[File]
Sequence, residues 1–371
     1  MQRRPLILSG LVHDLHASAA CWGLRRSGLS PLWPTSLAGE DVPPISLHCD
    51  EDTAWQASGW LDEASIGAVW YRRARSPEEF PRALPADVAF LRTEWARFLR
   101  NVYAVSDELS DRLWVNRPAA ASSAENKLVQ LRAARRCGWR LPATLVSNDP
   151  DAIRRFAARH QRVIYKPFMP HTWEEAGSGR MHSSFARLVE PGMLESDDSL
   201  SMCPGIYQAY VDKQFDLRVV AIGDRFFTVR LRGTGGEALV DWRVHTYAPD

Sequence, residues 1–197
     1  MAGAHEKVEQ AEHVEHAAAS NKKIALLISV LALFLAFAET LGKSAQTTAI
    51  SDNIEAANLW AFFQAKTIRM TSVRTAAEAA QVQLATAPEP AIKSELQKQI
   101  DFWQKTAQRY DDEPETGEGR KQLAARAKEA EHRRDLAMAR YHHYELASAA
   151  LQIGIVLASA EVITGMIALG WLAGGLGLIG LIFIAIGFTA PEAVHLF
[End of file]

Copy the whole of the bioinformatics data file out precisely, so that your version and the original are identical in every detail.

Sequence, residues 1–371
     1  MQRRPLILSG LVHDLHASAA CWGLRRSGLS PLWPTSLAGE DVPPISLHCD
    51  EDTAWQASGW LDEASIGAVW YRRARSPEEF PRALPADVAF LRTEWARFLR
   101  NVYAVSDELS DRLWVNRPAA ASSAENKLVQ LRAARRCGWR LPATLVSNDP
   151  DAIRRFAARH QRVIYKPFMP HTWEEAGSGR MHSSFARLVE PGMLESDDSL
   201  SMCPGIYQAY VDKQFDLRVV AIGDRFFTVR LRGTGGEALV DWRVHTYAPD

Sequence, residues 1–197
     1  MAGAHEKVEQ AEHVEHAAAS NKKIALLISV LALFLAFAET LGKSAQTTAI
    51  SDNIEAANLW AFFQAKTIRM TSVRTAAEAA QVQLATAPEP AIKSELQKQI
   101  DFWQKTAQRY DDEPETGEGR KQLAARAKEA EHRRDLAMAR YHHYELASAA
   151  LQIGIVLASA EVITGMIALG WLAGGLGLIG LIFIAIGFTA PEAVHLF